The kind of evolution that Reid and his collaborators have in mind is framed both as a progression and a return. The film, which features prominent activists and thinkers such as Bill McKibben, Barry Lopez and Mary Evelyn Tucker, starts off with a recollection of how the first pictures of Earth from space—taken by astronauts in 1968—changed the way that we look at ourselves. For the first time in human history, we were able to see our own planet and reflect on both our cosmic insignificance as well as our collective fate within the single globe-spanning ecosystem. However, as McKibben points out, those early images are now out of date. The intervening decades have brought terrestrial transformations so dramatic—from vast deforestation to desertification and monocrop agriculture—that they can be seen clearly from space.


A familiar litany of Earth’s injuries follows. Creatures are becoming extinct at an unprecedented rate. The poisoned waters are rising. Carbon is filling our atmosphere. Externalizations cannot be externalized beyond a closed system. And our world is a closed system. The environmental crisis, in fact, proves a maxim central to many eastern philosophies: all of existence is intertwined. From goldfinches to blue jeans, look at any object or creature closely, and you’ll see a web of dependent factors running off in every direction. It’s wonderful and it’s precarious. A rising tide may lift all boats but it also subsumes everything that isn’t buoyant. Scientists—including a number of them in this film—have been echoing this sentiment for decades.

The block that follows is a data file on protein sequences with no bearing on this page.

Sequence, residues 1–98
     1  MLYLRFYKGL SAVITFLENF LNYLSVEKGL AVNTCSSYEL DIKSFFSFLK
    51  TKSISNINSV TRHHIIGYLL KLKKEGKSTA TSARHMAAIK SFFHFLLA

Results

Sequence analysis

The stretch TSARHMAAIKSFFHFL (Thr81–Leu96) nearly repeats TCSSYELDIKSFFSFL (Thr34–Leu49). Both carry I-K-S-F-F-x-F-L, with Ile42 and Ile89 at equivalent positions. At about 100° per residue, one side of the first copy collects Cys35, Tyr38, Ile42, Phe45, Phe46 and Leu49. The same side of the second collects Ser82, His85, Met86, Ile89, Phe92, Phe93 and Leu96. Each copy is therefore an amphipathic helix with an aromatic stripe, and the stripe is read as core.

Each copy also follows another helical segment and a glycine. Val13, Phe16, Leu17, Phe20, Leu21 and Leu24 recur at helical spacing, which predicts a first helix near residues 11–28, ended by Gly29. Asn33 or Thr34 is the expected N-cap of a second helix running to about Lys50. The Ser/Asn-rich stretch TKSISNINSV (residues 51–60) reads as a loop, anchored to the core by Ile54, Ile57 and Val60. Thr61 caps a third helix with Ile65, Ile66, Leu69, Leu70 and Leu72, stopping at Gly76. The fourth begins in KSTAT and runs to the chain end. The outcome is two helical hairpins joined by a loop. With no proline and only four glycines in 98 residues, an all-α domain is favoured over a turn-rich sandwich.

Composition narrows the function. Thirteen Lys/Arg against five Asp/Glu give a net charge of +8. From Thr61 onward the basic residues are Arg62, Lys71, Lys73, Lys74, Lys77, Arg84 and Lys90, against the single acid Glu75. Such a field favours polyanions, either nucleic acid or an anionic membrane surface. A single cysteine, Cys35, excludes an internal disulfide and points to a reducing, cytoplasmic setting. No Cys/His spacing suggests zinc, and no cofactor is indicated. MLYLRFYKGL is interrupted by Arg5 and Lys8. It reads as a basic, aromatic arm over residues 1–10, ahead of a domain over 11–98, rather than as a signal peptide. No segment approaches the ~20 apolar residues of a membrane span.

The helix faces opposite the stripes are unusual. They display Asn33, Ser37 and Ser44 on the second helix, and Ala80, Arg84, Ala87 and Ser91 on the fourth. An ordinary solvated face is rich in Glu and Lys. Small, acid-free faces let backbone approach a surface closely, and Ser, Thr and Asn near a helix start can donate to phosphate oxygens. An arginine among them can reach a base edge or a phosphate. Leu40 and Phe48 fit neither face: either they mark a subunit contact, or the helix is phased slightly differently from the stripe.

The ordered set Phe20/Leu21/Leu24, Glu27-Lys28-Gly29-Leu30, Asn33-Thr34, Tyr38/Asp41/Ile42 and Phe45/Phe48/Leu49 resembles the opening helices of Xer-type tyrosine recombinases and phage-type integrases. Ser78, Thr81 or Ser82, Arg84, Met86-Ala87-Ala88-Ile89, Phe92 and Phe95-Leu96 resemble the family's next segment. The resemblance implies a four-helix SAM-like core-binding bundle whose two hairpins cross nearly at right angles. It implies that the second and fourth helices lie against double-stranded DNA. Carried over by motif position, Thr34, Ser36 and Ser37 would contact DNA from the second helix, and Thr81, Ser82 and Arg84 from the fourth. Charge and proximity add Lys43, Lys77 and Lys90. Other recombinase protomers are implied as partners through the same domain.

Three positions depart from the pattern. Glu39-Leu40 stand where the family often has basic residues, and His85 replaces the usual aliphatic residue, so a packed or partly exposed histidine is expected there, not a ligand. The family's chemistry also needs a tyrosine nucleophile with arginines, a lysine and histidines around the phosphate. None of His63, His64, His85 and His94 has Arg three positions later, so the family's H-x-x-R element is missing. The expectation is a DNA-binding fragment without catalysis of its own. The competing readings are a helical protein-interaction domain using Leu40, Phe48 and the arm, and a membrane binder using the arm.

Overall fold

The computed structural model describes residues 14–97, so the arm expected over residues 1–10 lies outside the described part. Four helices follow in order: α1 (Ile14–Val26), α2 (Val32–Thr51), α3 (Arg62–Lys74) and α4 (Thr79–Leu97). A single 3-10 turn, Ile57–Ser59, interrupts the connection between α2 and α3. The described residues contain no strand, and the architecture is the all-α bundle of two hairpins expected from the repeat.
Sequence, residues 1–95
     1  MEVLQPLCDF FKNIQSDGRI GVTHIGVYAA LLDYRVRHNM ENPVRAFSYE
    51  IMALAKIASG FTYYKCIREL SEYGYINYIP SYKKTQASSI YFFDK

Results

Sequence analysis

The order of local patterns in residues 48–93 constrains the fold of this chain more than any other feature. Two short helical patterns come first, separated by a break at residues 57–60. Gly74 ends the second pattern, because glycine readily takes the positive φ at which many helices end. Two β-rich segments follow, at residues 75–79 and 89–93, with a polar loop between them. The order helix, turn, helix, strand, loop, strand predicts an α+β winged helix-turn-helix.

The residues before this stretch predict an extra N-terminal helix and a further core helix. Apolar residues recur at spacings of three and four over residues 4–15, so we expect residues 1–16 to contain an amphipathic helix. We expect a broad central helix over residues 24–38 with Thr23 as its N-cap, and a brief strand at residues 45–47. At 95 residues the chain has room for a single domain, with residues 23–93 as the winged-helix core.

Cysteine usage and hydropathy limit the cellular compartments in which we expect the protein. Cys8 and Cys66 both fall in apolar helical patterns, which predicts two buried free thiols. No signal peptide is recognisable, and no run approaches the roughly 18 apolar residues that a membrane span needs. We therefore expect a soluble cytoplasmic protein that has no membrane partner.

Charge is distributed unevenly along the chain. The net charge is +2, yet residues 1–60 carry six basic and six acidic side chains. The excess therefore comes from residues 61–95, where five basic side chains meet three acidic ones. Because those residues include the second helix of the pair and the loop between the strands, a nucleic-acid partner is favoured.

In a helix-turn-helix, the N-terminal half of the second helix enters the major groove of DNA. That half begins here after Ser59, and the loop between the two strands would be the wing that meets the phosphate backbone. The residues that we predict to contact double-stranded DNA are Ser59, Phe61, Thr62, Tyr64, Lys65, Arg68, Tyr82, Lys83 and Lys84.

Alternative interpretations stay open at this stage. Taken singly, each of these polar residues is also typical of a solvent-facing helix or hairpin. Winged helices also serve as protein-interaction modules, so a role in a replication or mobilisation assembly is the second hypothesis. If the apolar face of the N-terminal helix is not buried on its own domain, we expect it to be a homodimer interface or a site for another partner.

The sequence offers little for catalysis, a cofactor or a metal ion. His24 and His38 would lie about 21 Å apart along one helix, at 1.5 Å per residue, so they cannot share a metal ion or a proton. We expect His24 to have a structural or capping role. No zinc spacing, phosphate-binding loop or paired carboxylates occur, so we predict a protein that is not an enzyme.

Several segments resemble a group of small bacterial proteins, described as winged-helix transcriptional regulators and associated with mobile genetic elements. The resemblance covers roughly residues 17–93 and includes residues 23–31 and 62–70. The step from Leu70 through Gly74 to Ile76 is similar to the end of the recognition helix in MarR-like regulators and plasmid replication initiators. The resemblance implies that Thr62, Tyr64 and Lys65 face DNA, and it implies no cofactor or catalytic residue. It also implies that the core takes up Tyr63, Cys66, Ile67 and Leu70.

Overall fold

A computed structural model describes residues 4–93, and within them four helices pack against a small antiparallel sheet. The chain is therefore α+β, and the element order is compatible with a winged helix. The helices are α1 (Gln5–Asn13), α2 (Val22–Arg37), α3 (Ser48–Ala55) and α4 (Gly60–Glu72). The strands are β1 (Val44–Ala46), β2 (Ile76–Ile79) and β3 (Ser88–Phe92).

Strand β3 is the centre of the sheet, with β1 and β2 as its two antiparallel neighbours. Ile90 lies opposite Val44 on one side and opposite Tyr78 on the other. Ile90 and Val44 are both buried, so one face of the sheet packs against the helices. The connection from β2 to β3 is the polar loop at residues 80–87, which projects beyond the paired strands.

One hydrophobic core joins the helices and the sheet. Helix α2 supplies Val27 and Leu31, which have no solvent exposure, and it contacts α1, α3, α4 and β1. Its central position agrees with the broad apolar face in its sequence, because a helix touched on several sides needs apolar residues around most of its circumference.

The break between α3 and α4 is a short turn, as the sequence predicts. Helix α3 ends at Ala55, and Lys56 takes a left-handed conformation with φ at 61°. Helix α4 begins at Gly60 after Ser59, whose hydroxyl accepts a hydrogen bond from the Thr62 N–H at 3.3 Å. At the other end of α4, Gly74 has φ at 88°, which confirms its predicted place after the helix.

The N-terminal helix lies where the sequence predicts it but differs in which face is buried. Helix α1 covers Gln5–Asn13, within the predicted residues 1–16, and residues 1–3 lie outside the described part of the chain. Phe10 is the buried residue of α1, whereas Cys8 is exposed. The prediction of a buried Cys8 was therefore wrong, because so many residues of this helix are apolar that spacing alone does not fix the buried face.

But it’s one thing to proclaim “We are one.” It’s another thing to absorb that message and apply it to every consumer decision and seemingly inconsequential action that one takes. Such an epiphany is recounted by several astronauts interviewed for the film. In the telling, their observations come off as a religious experience afforded only to the few men and women who have stepped that far out of the worldly realm. At one point, Dr. Mae Jemison, a space shuttle veteran, says, “The really wonderful thing that happened to me when I was in space was this feeling of belonging to the entire universe.” Ron Garan, who spent over six months on the International Space Station, says, “You can’t help but reflect on how we’re all one people.”

And yet, astronauts are not the only humans to have gone beyond the mundane and returned to share their insights with the rest of us. What I found most impressive about Planetary—aside from the inspired imagery—was the way Reid’s editor Steve Watts Kennedy (who is also credited as writer and co-producer) seamlessly makes this transition. The interview subjects move from astronauts to activists to philosophers to Zen priests and Tibetan lamas and finally to Native American elders. This impressive queue progressively makes the case that a new kind of consciousness is required of our species if we are to evolve past the myopic, egocentric, short-sighted ways that have brought us to the brink of self-destruction. The film maintains that a steady awareness of interconnectedness, as well as qualities like compassion, empathy and mindfulness, can only be cultivated through meditation and deep reflection.